It’s time to hack and slash and hack and slash again with Capcom’s excellent Magic Sword. You might even say that it’s… Magic.
In Retro Game Of The Week I pull a game from my collection and write about why it’s important or interesting. Or in some cases, badly dated and rubbish.
Sometimes, when you play a video game, you’re not looking for a deep exploration into the meaning of existence, or a narrative that will leave you shaken to your core.
You just want something that’ll provide a quick burst of mental and physical adrenaline. Not a smart game to speak of (not that there’s anything wrong with more nuanced games, to be clear), but instead simple dumb popcorn-movie-level fun.
Snakes? Why did it have to be… oh, wait, wrong franchise.
That’s precisely what Capcom’s Magic Sword is. There’s a tower, a hero who, despite variable temperatures insists on wandering around in basically his underwear, a big sword or two (actually more) and plenty of enemies whose faces need rearranging via the aforementioned sword.
Throw in some platforms and you’ve got the setting, plot and action of many a late 80s or early 90s arcade romp, and that’s also what Magic Sword is.
There will be magic. There will be a sword. Not the most complex narrative concept, that.
I first played Magic Sword in its arcade original version at the back of a video store (look them up kids) in Armidale in around… 1991 or so? It only came out in 1990, so that timing would be about right.
The hook with Magic Sword, if it has one, is in the companions you can acquire along the way. Most defeated foes drop something, often just points-related, but with keys you get the option to unlock doors on your way.
From them you’ll get a random companion to join you on your quest. You can end up with an Amazonian Archer, a Ninja, A Priest, A Thief, A Wizard, a Lizard Dude, a Knight, or WWE’s Braun Strowman.
OK, it’s not actually Braun Strowman. But the resemblance is uncanny.
(If by the most bizarre of chances Mr Strowman is reading this, please don’t hurt me.)
I say “end up with” because you can’t entirely choose. The companion that emerges from each door is basically random, but you can switch out with another and another key, as long as that door isn’t itself a trap. Like so many coin gobbling arcade games of its time, Magic Sword loves itself a trap or two… or twenty-seven. Each of your companions has different attack styles, so in a way it’s grabbing the kind of companion-orb concept from so many horizontal shooters of the day and applying it to platform gaming. Which is a neat concept, really.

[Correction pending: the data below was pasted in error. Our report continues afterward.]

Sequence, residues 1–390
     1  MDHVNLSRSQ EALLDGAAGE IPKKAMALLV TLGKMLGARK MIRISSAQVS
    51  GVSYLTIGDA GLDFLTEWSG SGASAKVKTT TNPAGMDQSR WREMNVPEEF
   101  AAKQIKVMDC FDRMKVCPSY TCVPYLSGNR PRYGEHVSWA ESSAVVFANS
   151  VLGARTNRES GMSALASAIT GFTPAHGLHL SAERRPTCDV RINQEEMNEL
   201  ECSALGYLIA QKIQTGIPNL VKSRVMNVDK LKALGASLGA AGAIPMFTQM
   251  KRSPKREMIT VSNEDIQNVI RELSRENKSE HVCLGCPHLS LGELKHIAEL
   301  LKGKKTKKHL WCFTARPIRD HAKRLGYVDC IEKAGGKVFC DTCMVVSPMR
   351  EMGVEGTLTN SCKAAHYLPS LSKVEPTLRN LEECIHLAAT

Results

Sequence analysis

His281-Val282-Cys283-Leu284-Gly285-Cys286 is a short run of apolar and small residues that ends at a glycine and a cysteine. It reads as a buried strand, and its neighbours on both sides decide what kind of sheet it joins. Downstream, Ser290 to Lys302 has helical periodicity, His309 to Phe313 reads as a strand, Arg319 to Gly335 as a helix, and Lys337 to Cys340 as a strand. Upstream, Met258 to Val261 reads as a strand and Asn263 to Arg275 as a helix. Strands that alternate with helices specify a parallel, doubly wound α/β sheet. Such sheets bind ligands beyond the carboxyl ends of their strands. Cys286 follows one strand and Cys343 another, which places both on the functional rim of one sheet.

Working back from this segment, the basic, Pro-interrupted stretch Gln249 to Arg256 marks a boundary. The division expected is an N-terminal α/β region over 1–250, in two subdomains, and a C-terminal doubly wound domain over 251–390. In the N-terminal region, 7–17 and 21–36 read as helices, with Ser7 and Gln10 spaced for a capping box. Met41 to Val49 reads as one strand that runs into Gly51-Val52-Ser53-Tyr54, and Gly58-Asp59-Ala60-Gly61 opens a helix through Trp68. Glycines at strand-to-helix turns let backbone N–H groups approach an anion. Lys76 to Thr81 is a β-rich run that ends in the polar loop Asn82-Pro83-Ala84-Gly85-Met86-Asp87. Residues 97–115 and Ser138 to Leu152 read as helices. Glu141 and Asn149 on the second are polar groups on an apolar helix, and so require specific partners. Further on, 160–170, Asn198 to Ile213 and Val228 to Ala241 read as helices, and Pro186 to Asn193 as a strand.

Thief or Ninja? I’m always going to choose Ninja. Go on, admit it, you would too.
The SNES version that I’ve got — or to be pedantic, as I usually am, the Super Famicom version — is a pretty nice port of the arcade original. There is some noticeable slowdown when matters get hectic, because the SNES does have some issues throwing around a lot of moving pixels at once, no matter how many fancy haze effects it can manage at the same time.
What’s interesting here is that unlike many arcade games, Magic Sword (or at least the SNES version) gives you a level select straight away.
Want to slog through all 50 floors? Go for it from the very beginning, but you can optionally choose to start on level 5, 9, 13, 22, 26, 30 or 33.
This ain’t no hidden menu. This is front and centre, a straight up choice. That was a true rarity in 1990.
That still gives you a fair slog to get through for completion, but what I like here — and especially with a retro view — is that it makes the game a lot more accessible for those times when I do want just that short popcorn experience. I’m not always starting from stage one, because I can choose where to start. You even get a random companion if you start anywhere but level one to keep it interesting.
Are You My Mummy? (Obligatory joke to avoid being thrown out of Dr Who fandom there.)
Magic Sword isn’t revolutionary, but it doesn’t need to be. I wouldn’t pay a fortune for it (and there’s quite a few ports), but it’s definitely a game that sees time in my gaming rotation on a regular basis, for those times when I just need to hit things with a big sword.
I mean, it’s got to be safer to be hitting pixels with an imaginary sword, right?
How to play Magic Sword now
My own cart copy – just the cart, no box — is Japanese, and from memory it ran me about 500 yen. I almost certainly put more than that in a Magic Sword arcade machine back in the day, so I can’t complain about that.
If you want an English-language copy of Magic Sword, it’s on the more expensive side, typically selling for around $80-120 as a loose cart, or around $200 boxed and complete.
This isn’t a game where the language comprehension is a huge barrier, unless you want to follow along with the small discussions had between levels, or boasts of the in-game bosses for the most part.
My own searches couldn’t find any graded copies — and I’m fine with that, I hate games turned into useless slabs — but there are certainly a few folks with (cough) interesting price gambits for Magic Sword out there. Happy retro game hunting!